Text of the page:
I walked down a wet side street in Hong Kong, led by Mrs. Au. The street lights were on and I was pushing a baby’s stroller. Tammy held the baby, and my travellers backpack ripping at the seams with the weight of a few cameras sat inside the padded seat. Space was tight in Hong Kong, so we decided to take the carriage off Tammy’s hands for the night and meet up again with it tomorrow. Tonight I was sleeping in Mrs. Au’s flat, she had a bed at a friend’s place and it was settled. I could have stayed at a backpackers and I had been planning on it but Tammy, Junie, and Mrs. Au shuffled around. I couldn’t have been more grateful.
I never imagined I would end up here.
Ms. Au, the baby stroller and I turned at the metro, and together we made the short trek due to the modern subway system across the city and home.
Home in Hong Kong.
What is it about the city? Mrs. Au had lived across the world, Canada, England, and still every few years ended back up in Hong Kong. She smiled as she talked about it, the old and the new, the ferries, and the nature just outside the city centre. She talked about the crossing of cultures, british colonization, the intense mentality of business there. I asked questions, a lot of them, and that night on the street, I remember so clearly Mrs. Au unlocking the front steel gate to her flat and saying,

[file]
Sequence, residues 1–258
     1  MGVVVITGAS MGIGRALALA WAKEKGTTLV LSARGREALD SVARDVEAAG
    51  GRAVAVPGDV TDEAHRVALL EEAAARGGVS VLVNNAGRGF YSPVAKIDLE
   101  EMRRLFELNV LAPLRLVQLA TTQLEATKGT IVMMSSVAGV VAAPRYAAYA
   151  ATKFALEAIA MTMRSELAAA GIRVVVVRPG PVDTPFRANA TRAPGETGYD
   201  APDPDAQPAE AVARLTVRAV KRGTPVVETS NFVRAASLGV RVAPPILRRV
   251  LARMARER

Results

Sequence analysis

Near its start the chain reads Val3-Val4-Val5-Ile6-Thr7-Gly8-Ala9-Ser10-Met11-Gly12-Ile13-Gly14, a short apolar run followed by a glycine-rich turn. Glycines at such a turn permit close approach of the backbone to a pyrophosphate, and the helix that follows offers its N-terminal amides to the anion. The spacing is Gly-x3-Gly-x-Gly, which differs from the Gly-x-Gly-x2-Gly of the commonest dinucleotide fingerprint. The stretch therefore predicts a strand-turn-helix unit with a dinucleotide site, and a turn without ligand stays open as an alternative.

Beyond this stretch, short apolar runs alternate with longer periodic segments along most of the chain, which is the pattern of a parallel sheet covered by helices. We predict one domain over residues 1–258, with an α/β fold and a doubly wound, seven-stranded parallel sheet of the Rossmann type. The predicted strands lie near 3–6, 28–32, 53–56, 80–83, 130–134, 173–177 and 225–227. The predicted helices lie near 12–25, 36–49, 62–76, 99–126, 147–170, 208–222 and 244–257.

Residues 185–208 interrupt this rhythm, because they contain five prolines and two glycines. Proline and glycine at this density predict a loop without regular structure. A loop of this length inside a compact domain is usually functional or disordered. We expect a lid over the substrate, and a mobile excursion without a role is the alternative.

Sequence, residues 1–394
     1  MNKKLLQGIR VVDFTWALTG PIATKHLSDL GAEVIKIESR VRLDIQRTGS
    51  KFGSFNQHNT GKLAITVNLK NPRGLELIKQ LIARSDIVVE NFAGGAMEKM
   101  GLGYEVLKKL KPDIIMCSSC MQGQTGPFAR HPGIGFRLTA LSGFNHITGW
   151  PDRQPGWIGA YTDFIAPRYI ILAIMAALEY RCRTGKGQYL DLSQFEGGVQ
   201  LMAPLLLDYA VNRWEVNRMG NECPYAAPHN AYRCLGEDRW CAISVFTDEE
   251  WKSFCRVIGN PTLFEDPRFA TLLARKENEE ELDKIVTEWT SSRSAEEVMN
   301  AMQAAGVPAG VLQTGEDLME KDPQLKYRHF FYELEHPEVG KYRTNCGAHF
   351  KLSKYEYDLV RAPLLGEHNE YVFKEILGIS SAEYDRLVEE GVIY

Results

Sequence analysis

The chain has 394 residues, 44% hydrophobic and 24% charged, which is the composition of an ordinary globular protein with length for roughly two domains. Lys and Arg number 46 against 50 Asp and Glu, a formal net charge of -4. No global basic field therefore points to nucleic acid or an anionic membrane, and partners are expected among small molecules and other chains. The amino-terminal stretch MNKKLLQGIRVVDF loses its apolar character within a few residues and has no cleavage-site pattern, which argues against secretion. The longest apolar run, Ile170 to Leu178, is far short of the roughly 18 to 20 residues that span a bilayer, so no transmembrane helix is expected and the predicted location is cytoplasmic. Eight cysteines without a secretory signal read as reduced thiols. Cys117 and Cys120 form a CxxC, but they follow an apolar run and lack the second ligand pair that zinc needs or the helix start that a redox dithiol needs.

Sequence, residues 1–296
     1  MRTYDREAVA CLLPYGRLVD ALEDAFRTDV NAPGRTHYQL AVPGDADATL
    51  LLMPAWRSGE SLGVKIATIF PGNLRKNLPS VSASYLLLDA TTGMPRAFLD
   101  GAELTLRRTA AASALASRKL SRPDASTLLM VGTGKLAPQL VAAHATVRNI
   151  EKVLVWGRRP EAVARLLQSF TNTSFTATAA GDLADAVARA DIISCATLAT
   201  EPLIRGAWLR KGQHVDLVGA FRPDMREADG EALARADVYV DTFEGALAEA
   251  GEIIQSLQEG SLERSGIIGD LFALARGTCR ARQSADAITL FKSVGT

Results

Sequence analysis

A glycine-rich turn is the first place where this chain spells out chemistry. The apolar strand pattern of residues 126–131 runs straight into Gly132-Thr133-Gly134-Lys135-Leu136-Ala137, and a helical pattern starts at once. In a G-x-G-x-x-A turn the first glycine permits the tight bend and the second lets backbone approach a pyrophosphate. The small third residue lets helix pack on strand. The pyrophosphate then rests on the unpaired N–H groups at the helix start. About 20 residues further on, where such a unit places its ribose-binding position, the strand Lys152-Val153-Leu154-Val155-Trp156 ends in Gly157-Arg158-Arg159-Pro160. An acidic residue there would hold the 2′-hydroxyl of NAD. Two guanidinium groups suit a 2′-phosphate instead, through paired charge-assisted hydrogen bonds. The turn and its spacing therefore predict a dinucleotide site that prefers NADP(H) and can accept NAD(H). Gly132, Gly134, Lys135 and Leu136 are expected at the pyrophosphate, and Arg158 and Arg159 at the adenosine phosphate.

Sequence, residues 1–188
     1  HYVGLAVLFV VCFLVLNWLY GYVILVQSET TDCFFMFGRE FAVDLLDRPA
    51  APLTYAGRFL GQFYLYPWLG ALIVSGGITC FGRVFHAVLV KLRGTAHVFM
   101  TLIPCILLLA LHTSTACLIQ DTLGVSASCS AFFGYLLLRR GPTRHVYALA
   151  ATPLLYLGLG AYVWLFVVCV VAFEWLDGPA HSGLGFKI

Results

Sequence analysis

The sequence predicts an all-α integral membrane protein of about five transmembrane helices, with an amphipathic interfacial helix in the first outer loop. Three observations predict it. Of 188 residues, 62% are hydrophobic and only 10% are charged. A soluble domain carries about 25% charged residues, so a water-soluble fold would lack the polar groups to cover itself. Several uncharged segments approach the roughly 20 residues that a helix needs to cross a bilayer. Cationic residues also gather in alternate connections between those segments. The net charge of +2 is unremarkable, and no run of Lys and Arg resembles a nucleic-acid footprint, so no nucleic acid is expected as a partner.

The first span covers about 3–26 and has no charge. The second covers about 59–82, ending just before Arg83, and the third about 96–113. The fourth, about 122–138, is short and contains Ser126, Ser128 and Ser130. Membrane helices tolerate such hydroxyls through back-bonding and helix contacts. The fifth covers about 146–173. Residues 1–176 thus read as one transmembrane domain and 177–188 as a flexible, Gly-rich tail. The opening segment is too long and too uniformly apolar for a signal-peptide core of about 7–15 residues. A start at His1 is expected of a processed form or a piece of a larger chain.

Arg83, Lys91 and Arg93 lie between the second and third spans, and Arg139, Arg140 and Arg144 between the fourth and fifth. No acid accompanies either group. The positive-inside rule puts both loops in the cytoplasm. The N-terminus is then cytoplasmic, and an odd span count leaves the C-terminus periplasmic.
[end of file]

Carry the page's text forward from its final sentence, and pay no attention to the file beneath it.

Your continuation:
“You know on a good day Taylor, Hong Kong is where the east meets the west and on other days, its neither here or nor there.”
I wrote it in my journal that night, and have since thought about it, about Hong Kong, about the mountains, the skyline, the men on the street with newspapers flying loosely around their feet, and clenched in their hands a ticket for the horse races. I think about the foreign nannies, their day off spent together in a park on our side of town. I think about that cupcake Tammy and I missioned for, walking across the narrow sidewalks with Junie sleeping away reminiscing about what had been three years before on another continent foreign to both of us. We had met in Uganda in September 2008, and now visiting in the most densely populated metropolis in the world Africa feels like a lifetime away. We are joking about the crazy Matatu drivers and the Thanksgiving meal we made with chickens we’d killed the morning before the feast, it feels so long ago and I’ve been pretty much a vegetarian since.
Hong Kong is a night city, a skyline worthy of thousands of photos every night, it had fashion and highways taken on a motorcycle at monster speeds, a city block devoted to flowers. It is a city of public politeness, and cemetery squatters, where the best transit system in the world pumps millions through the city like the artery of a fit man in his prime.
It was a city of gracious hosts that showed me an incredibly romantic, surreal place of duplicities.
Where the east meets the west but neither here nor there.